“Living Nations, Living Words: An Anthology of First Peoples Poetry” Collected and with an Introduction by Joy Harjo, 23rd U.S Poet Laureate. Forward by Carla D. Hayden, Librarian of Congress. W. W. Norton & Company. May 4th, 2021. 240 Pages.
Joy Harjo, 23rd U.S Poet Laureate and member of the Muscogee (Creek) Nation, collected the poems that compile Living Nations, Living Words, a poetry anthology that is devoted to the work of First Peoples.
When reading the works in this book, what I first noticed was a bilingual poem by Ray Young Bear, titled Wichihaka, or, in English, The One I Live With. The use of repetition- “Your traditional dance dress is beautiful, traditional dance dress is beautiful…” combined with the topic, a single sentence of praise repeated to “The One I Live With,” both struck me with its minimalistic beauty and reminded me of the importance of cultural preservation, even when (and perhaps especially when) not everyone will understand what one might be saying.
In the words of Marcie Rendon, in her poem Resilience, one can hear the stories of the one and the many- an artist “Creating beauty out of beauty discards” and the many fathers doing as fathers must-“waiting, waiting, waiting, for children to return.” The many examples of resilience given in her piece spell out the varying types of resilience shown by individuals placed in situations that can seem hopeless or inescapable. Many of these situations, such as standing in line at the Salvation Army, are relatable to so many people, but Rendon also includes in her lines the specific act of selling beadwork, serving as a reminder that each of the acts mentioned in her poem are examples of the resilience of Native Peoples, and as such have layers of meaning and history that must be respected as unique.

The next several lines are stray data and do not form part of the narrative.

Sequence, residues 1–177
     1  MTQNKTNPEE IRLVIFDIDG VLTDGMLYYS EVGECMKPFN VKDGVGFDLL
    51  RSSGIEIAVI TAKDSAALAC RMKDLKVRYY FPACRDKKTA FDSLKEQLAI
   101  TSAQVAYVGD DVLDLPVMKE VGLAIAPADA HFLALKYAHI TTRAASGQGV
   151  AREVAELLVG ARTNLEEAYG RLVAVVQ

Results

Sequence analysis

The book is separated into the sections Becoming/ East, Center/ North-South, and Departure/ West. The introduction references the early history of maps, and speaks of the collection as a map itself- a fitting term for a such an atlas that spans across states, drawing out landmarks of peoples and places, culturally significant actions like making frybread, and providing history to contextualize works such as the Poem on Disappearance, by Kimberly Blaeser. In this piece, which seems to speak both to the disappearance of so many cultures caused by colonization, and the disappearance of Native women that is an epidemic, one can feel the heat of the words cast upon the page- the poem ends with a remark that reflects the emptiness left behind, both across a continent that has been colonized and in the place of missing and murdered indigenous women- “turn your hand to the new continent. Again picture it- nothing.”
The entire book imparts upon the reader a sense of urgency, an urgency of understanding. If Living Nations, Living Words is a map, then it is a map both for Native Peoples to recognize themselves in art, something that the book states is rarely seen in the United States, and for non-indigenous people to begin to gain just the slightest bit of understanding of what it is like to continue to live a life and rebuild a culture in a world that is all too quick to forget who the First Peoples are.
This book is a poetry compilation that shines with intention and execution, and will certainly engage the minds and touch the hearts of readers.
Cyna Woodard is a Library Assistant I at Graham Public Library. She can be reached at email@example.com.